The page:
If you have multiple credit cards and a mountain of debt to deal with, trying to sort through the mess can be a real nightmare. Just keeping track of due dates, minimum payment amounts and interest rates is hard enough.

And, assuming you’ve got enough money to pay more than the minimum payments, you need to prioritize which cards to throw extra money at first.

Tally is a new service that promises to untangle the mess. It’s a debt consolidation app that lets you apply for a line of credit and access a couple of tools intended to help you pay off your credit card debt faster.

Let’s take a closer look.

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Summary

Tally is a debt consolidation app that lets you apply for a line of credit and tools intended to help you pay off your credit card debt faster.

How it Works

Once you download the Tally app, you input all of your credit card information. You’ll then be guided through an application for the Tally line of credit. If you’re approved for a lower interest rate than your cards currently carry, Tally will then use that line of credit to pay down your credit card balances. You’ll also get access to the two tools: the Automated Debt Manager and the Credit Card Manager.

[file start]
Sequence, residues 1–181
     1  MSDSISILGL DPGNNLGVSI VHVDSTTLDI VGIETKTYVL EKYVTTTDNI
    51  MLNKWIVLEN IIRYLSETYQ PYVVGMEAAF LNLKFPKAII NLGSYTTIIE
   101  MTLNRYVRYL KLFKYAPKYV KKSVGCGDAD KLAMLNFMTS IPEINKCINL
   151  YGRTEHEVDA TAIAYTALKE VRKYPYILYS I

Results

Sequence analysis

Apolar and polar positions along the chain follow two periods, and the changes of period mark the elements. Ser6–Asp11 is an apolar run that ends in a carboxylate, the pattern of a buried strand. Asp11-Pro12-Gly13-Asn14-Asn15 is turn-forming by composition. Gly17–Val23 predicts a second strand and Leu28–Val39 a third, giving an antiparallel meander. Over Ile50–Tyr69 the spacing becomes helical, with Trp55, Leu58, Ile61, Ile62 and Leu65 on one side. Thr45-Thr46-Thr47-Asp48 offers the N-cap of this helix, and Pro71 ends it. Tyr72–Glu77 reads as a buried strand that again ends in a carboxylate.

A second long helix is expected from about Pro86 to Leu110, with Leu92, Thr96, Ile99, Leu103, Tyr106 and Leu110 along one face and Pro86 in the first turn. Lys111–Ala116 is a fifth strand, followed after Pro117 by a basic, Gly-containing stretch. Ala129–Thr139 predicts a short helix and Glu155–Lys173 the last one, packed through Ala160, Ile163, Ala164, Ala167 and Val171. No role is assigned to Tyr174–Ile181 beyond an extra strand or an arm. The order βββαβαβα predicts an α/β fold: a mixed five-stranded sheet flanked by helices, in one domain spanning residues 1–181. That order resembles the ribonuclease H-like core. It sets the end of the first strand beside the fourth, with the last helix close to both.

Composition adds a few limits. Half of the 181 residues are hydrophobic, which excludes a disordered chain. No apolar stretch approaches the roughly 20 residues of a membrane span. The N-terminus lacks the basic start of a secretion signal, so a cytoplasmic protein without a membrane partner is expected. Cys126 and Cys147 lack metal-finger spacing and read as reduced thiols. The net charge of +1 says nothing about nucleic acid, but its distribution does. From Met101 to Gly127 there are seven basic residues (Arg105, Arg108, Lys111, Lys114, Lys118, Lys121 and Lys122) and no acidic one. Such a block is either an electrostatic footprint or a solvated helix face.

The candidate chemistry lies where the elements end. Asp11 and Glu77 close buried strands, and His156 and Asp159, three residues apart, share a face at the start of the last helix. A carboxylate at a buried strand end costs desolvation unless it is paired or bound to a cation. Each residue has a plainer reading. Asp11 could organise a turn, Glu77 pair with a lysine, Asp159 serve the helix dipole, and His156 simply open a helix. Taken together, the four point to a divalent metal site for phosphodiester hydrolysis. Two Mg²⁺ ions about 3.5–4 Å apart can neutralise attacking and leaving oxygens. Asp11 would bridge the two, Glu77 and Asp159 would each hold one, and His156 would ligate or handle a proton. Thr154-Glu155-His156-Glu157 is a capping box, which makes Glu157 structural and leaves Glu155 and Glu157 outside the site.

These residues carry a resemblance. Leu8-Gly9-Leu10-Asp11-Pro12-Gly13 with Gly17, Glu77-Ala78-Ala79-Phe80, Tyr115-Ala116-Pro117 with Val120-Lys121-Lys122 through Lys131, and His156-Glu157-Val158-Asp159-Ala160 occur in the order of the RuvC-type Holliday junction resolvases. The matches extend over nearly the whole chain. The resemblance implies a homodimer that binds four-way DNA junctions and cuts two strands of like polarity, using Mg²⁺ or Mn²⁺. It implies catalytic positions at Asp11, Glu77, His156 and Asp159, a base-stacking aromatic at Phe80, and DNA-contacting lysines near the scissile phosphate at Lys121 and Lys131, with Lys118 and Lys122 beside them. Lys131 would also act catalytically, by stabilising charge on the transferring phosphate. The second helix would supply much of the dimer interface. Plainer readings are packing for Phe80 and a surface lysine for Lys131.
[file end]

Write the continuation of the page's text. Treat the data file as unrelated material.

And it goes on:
The line of credit is how Tally makes its money.  The interest you pay for the line of credit covers the cost of the service and it’s offerings.

Automated Debt Manager

The Automated Debt Manager is a digital assistant that takes into account your credit card balances and your spending data. It gives you a single recommendation on how much to pay toward all of your credit cards each month to be debt free in approximately two years, although the time frame is adjustable by you (more on this in a bit).

Factored into that recommendation is how much you’ve been spending on your cards that month. Often, people paying off debt are told to stop using their credit cards. If you can do that, fantastic. But Tally doesn’t assume that you will cut up your cards, reasoning that it’s often not realistic.

Another feature of the Automated Debt Manager is that you can accelerate your progress toward your debt payoff goal at any time by changing your time horizon with a slider. In other words, if you’ve got a month when you’re flush with cash, you can pay more toward the balance. The more you pay, the faster your debt is paid off.